Burnham assured residents that GMP has invested £2.3 million pounds into the CSE unit, which has 106 dedicated officers. The unit is investigating recent and non- recent crimes and has achieved results.

Other legal routes to redress for victims of CSE

If you or someone you know is a survivor of child sexual abuse, we would encourage you to report matters to the police. Where there has been a police investigation and/or conviction, applications can be made to the Criminal Injuries Compensation Authority (CICA), a body which awards compensation to survivors of violent crimes.

CICA applications can be submitted by the individual. However, sexual abuse claims are complex and if a review is submitted with supporting evidence, the individual can be awarded much more than the initial offering. This is why victims are often encouraged to appoint a solicitor to assist them.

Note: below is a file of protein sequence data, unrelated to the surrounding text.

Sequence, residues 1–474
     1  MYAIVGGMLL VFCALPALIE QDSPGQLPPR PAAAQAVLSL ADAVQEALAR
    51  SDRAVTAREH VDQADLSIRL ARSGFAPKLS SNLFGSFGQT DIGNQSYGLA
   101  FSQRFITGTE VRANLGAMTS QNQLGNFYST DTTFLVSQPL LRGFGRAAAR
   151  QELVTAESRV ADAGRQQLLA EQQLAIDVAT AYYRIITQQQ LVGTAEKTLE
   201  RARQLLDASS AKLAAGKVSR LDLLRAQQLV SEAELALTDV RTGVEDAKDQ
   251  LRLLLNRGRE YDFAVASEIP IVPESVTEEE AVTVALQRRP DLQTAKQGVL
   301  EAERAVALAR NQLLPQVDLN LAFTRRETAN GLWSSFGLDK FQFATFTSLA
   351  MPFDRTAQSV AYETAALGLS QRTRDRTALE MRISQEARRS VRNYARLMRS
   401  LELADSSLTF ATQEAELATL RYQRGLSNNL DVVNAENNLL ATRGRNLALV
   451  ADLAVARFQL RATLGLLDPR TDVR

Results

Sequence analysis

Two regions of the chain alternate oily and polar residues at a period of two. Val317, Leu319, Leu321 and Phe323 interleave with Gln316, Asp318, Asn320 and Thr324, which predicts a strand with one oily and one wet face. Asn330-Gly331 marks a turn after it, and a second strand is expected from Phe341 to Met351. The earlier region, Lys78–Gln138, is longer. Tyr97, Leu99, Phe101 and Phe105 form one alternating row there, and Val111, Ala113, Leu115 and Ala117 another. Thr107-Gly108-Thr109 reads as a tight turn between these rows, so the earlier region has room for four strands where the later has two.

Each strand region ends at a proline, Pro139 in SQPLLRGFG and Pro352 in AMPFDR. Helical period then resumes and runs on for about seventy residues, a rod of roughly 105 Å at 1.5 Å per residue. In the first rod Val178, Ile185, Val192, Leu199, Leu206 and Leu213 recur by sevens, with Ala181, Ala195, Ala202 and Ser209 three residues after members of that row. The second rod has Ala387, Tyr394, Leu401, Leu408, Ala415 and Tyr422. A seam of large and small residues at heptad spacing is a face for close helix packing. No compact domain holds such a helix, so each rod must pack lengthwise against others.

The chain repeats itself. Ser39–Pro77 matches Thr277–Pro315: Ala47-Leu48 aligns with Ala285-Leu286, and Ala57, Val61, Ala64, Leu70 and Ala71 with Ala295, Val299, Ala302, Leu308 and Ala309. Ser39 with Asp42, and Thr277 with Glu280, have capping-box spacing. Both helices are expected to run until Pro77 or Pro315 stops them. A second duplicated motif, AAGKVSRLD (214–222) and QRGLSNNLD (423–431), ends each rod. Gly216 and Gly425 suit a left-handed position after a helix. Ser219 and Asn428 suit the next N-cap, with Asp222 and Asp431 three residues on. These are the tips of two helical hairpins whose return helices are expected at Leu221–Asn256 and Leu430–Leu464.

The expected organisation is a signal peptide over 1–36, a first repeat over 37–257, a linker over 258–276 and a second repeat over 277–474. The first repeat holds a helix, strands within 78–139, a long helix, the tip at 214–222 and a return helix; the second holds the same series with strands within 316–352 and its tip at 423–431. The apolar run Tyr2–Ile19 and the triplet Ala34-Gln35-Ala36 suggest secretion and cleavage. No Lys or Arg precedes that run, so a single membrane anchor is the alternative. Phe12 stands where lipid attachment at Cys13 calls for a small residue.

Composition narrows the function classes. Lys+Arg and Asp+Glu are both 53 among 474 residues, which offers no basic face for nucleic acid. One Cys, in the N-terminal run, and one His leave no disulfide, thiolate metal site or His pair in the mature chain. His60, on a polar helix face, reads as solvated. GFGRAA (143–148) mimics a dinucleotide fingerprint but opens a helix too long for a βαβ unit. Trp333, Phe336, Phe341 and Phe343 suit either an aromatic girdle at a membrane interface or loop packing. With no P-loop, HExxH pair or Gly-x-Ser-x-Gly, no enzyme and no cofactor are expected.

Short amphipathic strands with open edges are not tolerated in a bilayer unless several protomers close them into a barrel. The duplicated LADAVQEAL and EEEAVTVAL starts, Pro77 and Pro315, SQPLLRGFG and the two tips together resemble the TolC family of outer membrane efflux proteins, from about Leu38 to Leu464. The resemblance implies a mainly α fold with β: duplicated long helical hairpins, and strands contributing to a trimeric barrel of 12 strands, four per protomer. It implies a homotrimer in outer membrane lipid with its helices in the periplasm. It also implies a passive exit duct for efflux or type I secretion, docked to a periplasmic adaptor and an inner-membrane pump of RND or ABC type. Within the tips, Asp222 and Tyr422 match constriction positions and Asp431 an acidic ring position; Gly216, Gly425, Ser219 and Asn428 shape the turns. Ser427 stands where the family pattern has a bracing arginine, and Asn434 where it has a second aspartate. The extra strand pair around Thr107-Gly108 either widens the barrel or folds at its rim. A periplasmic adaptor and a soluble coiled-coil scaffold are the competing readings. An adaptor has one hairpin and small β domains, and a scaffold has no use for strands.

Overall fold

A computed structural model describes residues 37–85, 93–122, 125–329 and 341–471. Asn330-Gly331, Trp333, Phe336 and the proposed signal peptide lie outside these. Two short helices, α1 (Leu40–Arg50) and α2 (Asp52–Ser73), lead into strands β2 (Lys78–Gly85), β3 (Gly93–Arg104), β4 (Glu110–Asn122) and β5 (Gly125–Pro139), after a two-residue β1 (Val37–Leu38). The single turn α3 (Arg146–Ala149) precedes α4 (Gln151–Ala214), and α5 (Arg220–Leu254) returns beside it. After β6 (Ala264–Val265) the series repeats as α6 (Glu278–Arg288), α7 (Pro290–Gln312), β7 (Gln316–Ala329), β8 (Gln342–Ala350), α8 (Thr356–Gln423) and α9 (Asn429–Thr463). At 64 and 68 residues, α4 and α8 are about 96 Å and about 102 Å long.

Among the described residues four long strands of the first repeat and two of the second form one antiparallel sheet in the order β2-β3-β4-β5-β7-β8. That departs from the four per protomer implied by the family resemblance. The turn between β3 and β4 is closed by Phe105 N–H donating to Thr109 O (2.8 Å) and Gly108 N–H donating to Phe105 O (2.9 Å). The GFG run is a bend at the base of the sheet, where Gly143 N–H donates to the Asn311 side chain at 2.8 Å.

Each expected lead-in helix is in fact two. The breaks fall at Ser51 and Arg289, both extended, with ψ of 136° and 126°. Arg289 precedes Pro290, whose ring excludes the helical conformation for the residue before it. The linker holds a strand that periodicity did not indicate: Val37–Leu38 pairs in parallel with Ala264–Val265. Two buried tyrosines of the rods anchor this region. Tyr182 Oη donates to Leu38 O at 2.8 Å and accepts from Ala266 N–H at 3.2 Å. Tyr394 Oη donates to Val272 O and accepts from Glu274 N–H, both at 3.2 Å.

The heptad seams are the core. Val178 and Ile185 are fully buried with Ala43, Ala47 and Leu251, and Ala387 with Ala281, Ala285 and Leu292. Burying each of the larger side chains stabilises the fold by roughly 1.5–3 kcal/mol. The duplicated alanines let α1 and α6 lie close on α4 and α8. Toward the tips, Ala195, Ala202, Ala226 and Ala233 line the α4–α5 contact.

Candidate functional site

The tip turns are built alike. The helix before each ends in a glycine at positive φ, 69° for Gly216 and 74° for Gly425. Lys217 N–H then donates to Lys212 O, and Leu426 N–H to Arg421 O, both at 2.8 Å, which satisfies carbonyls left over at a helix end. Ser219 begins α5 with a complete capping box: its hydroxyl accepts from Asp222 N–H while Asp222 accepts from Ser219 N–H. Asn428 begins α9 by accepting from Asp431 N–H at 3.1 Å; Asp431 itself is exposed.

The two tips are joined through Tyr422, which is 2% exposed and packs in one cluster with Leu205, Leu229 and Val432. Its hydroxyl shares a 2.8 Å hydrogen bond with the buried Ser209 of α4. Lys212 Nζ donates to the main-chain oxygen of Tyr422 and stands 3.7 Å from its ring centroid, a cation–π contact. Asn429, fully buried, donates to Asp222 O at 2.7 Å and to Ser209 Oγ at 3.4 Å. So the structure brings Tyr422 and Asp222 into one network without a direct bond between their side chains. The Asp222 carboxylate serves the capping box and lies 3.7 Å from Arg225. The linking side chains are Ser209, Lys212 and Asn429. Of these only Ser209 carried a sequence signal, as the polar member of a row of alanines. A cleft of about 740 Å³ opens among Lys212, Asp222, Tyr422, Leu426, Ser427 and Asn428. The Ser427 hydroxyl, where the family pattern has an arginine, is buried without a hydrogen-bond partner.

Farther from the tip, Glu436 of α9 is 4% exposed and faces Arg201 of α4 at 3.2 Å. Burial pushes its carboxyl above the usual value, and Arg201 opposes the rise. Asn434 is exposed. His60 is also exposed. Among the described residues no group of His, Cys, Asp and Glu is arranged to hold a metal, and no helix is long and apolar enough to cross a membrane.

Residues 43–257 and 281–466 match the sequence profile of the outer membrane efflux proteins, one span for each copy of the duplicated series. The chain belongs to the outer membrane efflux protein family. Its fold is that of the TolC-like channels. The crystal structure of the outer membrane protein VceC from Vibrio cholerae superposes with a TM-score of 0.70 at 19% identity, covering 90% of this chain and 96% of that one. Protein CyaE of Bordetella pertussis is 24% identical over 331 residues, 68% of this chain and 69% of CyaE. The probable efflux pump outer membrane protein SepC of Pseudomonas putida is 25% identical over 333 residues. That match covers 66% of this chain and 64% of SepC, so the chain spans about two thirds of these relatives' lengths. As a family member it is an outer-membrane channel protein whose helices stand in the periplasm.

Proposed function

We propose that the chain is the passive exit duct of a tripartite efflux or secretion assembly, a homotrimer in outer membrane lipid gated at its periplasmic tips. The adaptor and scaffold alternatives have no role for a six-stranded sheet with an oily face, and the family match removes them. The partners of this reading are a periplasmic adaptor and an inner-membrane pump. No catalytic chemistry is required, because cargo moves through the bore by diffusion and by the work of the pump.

If the survivor was under the care of the Local Authority and feels as if they have been failed, they may have a claim in negligence or under the Human Rights Act 1998. At Farleys, our specialist abuse team have extensive experience of acting on behalf of survivors in making such claims for damages. Whilst nothing can take away from the trauma and suffering experienced as a result of abuse, survivors often gain a sense of closure from a civil claim and any compensation received can be a valuable resource to fund treatment or counselling.

To discuss a potential CICA claim or claim against a Local Authority, you can call our abuse line on 0330 134 6430. Alternatively, you can contact us by email or through the online chat below.